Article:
Latest posts on Christian Aid

Why 'Christian Hate?'? An introduction to the blog

Places Christians shouldn't go A quick tour of Christian Hate?'s case against Christian Aid

Christians and the Israeli-Palestinian conflict Read all my posts on this topic

Saturday, October 27, 2007

Charity, politics and Christian Aid

Gosh, haven't posted on Christian Aid since July. Shame on me. Here's a letter I sent to the Times the other day. The background is here, here and here. They doubtless thought the topic had had enough of an airing after all that. Or else they just didn't like my letter.

'Sir, Earlier this year Christian Aid produced a policy report entitled "Israel and Palestine: A Question of Viability", which continued the charity's long history of biased campaigning against Israel. Replete with criticisms of Israel, it mentions Hamas only once - as a victim of Israeli actions.

'Christian Aid, 22% of whose income comes from government grants, describe the document as being "aimed at UK and European Union policymakers". To complete the symbiotic picture, we need only recall that a well-trodden career path leads from the aid charities to the largesse-dispensing Department for International Development.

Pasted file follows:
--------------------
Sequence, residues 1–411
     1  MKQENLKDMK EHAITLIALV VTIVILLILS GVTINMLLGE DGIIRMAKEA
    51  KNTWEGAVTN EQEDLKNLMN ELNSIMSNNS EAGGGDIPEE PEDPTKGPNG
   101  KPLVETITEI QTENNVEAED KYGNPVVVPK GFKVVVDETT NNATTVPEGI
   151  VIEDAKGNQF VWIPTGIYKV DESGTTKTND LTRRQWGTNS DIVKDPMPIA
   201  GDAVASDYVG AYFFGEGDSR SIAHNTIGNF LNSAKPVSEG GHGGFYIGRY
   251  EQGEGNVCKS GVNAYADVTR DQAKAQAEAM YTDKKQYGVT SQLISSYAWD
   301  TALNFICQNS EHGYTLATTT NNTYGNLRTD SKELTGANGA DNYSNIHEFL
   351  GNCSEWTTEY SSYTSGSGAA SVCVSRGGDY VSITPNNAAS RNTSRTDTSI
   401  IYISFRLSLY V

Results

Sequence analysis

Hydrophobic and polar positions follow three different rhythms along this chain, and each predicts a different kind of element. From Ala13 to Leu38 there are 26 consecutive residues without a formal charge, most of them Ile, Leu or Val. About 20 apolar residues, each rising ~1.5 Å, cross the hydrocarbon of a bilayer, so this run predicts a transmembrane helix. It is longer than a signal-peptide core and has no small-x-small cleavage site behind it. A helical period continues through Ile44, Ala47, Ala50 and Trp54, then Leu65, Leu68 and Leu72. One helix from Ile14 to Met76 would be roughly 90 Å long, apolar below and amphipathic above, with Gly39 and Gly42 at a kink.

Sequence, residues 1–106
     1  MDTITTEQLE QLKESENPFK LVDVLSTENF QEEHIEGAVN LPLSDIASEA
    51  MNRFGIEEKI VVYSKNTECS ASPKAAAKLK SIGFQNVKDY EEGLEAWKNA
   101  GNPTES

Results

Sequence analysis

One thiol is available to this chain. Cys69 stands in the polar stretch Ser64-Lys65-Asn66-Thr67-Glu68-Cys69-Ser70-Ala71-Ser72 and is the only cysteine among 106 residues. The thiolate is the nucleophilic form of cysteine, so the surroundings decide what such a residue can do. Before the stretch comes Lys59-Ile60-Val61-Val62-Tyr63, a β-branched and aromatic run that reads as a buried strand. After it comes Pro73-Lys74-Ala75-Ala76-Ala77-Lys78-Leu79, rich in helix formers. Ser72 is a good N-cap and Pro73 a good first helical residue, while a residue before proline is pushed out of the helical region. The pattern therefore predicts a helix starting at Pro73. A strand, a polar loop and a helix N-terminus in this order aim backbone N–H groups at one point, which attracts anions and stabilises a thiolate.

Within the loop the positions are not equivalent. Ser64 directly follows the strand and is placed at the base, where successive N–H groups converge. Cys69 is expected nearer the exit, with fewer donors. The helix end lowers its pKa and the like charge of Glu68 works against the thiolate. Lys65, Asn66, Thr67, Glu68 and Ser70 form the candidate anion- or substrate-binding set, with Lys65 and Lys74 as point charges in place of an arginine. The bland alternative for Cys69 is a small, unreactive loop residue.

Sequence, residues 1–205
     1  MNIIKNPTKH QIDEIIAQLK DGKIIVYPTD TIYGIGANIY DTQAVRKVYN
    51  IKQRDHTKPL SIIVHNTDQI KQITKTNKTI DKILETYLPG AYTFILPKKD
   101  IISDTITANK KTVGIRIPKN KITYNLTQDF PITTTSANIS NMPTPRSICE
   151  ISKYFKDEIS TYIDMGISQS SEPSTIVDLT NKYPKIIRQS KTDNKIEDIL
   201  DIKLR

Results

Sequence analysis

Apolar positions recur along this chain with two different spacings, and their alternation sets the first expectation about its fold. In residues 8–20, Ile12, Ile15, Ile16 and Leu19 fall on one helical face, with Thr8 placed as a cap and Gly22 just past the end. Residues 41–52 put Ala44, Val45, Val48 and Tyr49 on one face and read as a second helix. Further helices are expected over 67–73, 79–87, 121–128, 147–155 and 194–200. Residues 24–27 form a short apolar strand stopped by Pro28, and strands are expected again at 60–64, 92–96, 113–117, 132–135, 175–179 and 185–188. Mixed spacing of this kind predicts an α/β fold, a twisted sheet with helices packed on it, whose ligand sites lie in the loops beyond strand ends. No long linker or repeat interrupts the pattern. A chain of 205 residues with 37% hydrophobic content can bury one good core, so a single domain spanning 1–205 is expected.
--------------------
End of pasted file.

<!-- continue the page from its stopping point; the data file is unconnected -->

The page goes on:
'Where such relationships exist between big business and the state, I imagine that someone like Baroness Kennedy would have little difficulty perceiving them as undemocratic, lacking in transparency and potentially corrupt. At the very least, the law should insist that charities choose between being the kind that collect state handouts or the kind that seek to twist elected legislators' arms over contentious political issues. They should not expect to be both.

'Yours faithfully,


(sources here, here and here; I first raised this issue here)

Tuesday, October 23, 2007

More on James Watson

I see the Health Editor of the Times agrees with me about the meaningfulness of IQ testing. He should go far.

Before leaving the Watson theme, I shouldn't omit to mention one of the reasons why the liberal commentators have been passing round the smelling salts: his reported suggestion that, if it becomes possible to identify foetuses which are carrying the 'gay gene', women should have the option of aborting them.

This is a scandalously immoral reason for killing a child, is it not? Not a bit like the humane, caring reasons for which abortions can be legally performed on the NHS.